Since its launch in 2012, the OECD Skills Strategy has aimed to support Members and Partners to achieve their economic and social ambitions by strengthening their skills systems. The strategy was developed as a horizontal OECD project bringing together the perspectives of all relevant committees and was prepared by a cross-directorate team.
Since 2013, the OECD Skills Strategy has “gone national” with the development of tailored national skills strategy projects carried out in close co-operation with interministerial teams. Each national skills strategy project supports countries in developing national skills strategies by building on comparative OECD data, analysis and policy insights. Each project is designed to encourage a whole-of-government approach and, through a series of interactive workshops, engages relevant stakeholders to identify strengths and challenges of the current national skills system, explore policy options and develop an action plan.
To date, projects have been completed in ten OECD Member countries (Austria, Belgium [Flanders], Italy, Korea, Mexico, the Netherlands, Norway, Portugal, Slovenia and Spain) and in one non-Member (Peru). In Norway, Portugal and Slovenia, the initial project was followed up by a second project, which investigated a specific challenge identified in the first phase in greater detail, providing further in-depth analysis and recommendations.
Much has been learned by the OECD since the launch of the original OECD Skills Strategy, and these lessons are incorporated in this update of the strategy. Specifically, the 2019 OECD Skills Strategy: takes account of the lessons learned from applying the OECD Skills Strategy framework in 11 countries; summarises new evidence about the implications of so-called megatrends, such as globalisation, digitalisation, population ageing and migration; and provides new evidence about skills policies that work.
In taking stock of the above, the 2019 OECD Skills Strategy introduces a number of improvements, including: a revised OECD Skills Strategy framework; a new OECD Skills Strategy Dashboard; key policy insights, good practice examples and policy recommendations for developing relevant skills, using skills effectively and strengthening the governance of skills systems.
The structure of this document:
- Chapter 1 (“Re-engineering skills systems”) summarises the key messages of the report.
- Chapter 2 (“Updating the OECD Skills Strategy”) introduces the 2019 OECD Skills Strategy. It highlights what is new, including the revised OECD Skills Strategy framework, analysis of the skills implications of megatrends, a new OECD Skills Strategy Dashboard, and the identification of key policy findings and good practice examples for developing relevant skills, using skills effectively and strengthening the governance of skills systems. Finally, the chapter introduces and explains the three components of the updated 2019 Skills Strategy framework: 1) developing relevant skills over the life course; 2) using skills effectively in work and society; and 3) strengthening the governance of skills systems.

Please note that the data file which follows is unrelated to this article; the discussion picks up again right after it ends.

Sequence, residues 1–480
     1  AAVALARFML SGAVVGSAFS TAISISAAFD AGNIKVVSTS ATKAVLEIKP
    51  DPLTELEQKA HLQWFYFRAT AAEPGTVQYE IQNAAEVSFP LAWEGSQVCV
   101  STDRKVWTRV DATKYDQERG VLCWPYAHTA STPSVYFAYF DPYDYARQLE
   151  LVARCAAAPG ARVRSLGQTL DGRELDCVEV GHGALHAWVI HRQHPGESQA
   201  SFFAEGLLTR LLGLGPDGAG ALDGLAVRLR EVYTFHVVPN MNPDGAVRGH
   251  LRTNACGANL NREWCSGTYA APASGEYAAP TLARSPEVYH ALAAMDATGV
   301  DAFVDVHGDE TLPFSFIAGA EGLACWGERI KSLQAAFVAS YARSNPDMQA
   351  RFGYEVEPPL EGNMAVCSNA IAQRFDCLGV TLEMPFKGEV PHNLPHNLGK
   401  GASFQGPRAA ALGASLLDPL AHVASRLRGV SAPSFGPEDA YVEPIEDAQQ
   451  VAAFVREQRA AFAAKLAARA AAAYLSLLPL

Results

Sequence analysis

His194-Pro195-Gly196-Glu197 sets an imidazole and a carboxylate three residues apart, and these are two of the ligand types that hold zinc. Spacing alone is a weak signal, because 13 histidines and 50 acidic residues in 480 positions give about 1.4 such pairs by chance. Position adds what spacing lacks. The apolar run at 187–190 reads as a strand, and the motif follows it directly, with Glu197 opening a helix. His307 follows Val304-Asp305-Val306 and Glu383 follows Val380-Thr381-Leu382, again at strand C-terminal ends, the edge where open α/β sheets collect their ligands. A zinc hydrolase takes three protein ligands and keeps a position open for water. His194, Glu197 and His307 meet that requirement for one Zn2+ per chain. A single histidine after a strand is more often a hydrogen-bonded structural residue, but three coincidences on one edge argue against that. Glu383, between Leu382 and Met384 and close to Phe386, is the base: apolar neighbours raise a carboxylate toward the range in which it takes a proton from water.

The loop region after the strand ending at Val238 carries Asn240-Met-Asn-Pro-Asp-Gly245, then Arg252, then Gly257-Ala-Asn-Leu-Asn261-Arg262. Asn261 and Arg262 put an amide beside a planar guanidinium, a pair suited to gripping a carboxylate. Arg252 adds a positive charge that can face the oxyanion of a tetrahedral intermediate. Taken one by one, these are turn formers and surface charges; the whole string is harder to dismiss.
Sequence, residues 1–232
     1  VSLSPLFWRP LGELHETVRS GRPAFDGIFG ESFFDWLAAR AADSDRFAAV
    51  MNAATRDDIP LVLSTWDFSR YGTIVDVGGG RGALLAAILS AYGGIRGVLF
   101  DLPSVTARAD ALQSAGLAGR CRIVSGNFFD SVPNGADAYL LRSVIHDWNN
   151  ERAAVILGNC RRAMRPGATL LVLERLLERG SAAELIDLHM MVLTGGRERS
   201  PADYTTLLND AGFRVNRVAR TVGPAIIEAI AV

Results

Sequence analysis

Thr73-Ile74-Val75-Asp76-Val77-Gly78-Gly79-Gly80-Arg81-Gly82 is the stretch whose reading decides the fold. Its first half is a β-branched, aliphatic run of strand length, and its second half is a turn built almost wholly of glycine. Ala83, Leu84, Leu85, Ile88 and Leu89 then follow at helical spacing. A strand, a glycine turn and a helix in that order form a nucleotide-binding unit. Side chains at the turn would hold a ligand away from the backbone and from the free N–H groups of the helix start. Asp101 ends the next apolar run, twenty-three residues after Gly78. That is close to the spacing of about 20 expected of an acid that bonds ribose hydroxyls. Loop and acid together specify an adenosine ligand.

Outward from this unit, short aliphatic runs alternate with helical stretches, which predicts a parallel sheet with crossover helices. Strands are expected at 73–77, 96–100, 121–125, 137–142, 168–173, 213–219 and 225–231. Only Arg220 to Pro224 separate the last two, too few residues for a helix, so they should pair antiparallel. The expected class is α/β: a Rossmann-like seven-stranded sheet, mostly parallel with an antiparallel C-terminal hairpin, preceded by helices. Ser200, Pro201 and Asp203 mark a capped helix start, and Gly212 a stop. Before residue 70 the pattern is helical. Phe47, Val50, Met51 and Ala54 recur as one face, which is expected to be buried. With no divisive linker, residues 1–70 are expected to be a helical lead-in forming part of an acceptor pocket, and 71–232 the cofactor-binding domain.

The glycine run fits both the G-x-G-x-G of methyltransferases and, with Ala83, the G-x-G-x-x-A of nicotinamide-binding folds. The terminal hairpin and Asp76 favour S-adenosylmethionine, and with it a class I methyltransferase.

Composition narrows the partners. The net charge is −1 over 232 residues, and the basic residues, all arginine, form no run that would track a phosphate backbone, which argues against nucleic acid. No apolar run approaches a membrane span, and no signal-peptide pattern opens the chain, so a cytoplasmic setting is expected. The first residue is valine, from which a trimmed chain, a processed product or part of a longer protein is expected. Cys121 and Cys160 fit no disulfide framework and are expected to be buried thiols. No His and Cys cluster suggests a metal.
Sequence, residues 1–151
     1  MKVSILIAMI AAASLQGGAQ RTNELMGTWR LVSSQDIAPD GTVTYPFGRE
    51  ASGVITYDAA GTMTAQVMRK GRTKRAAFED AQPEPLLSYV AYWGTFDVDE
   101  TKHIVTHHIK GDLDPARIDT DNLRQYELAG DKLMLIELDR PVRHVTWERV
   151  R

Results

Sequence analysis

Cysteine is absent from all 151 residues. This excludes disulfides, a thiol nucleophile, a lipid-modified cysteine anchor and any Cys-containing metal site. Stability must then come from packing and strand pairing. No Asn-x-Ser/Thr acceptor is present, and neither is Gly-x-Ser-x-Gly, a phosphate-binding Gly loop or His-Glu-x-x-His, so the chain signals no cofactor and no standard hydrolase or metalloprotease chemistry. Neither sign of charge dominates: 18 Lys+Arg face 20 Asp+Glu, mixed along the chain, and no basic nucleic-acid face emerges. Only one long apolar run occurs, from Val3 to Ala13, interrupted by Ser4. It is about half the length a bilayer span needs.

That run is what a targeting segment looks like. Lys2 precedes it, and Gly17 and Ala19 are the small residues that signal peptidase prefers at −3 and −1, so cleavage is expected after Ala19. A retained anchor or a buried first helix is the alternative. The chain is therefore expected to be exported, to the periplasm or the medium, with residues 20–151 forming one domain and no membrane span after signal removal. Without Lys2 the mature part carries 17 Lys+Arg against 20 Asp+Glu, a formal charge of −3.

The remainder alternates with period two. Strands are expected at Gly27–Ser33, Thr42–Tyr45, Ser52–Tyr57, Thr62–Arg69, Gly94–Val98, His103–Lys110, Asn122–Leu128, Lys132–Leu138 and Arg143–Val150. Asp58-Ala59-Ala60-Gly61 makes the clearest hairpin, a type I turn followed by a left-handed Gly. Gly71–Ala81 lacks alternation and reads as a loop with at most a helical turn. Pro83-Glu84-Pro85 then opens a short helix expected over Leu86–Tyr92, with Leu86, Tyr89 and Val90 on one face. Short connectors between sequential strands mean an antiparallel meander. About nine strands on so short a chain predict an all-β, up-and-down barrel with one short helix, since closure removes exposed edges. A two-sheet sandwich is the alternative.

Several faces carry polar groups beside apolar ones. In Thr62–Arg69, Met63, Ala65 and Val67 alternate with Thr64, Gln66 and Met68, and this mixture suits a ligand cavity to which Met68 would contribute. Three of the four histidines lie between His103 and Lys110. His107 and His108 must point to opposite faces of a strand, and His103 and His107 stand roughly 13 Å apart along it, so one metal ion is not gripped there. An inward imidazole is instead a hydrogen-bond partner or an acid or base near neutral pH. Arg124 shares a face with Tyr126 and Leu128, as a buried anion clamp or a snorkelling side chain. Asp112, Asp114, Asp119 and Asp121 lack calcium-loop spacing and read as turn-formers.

- Chapter 3 (“The skills implications of megatrends”) explains how a number of megatrends – including technological change, globalisation, and demographic changes – are making skills more important than ever for success in today’s world. It explores the combined implications of these trends, including: their implications for the types of skills that will be needed for success in the future; the imperative of a lifelong learning approach; the imperative of ensuring more equitable opportunities and outcomes; and the imperative of making better use of technology as a learning pathway.
- Chapter 4 (“Developing relevant skills over the life course”) presents the OECD Skills Strategy Dashboard for developing relevant skills over the life course. It explores five policy priorities for improving performance in developing relevant skills: 1) raising aspirations for lifelong learning; 2) providing a good start for lifelong learning; 3) making lifelong learning affordable and sustainable; 4) making lifelong learning visible and rewarding; and 5) making lifelong learning accessible and relevant. It also presents a good number of country case studies from across the membership of the OECD.
- Chapter 5 (“Using skills effectively in work and society”) presents the OECD Skills Strategy Dashboard for using skills effectively. It explores a series of policy priorities relating to the use of skills, including: 1) promoting labour market participation; 2) promoting social participation; 3) expanding the pool of available talent; 4) making intensive use of skills in the workplace; 5) reducing skills imbalances; and 6) stimulating demand for high-level skills. It also presents a good number of country case studies from across the membership of the OECD.
- Chapter 6 (“Strengthening the governance of skills systems”) introduces the dimensions of effective governance of skills systems: 1) promoting co-ordination, co-operation and collaboration across the whole of government; 2) engaging stakeholders throughout the policy cycle; 3) building integrated information systems; and 4) aligning and coordinating financing arrangements. Once again, it presents a good number of country case studies from across the membership of the OECD.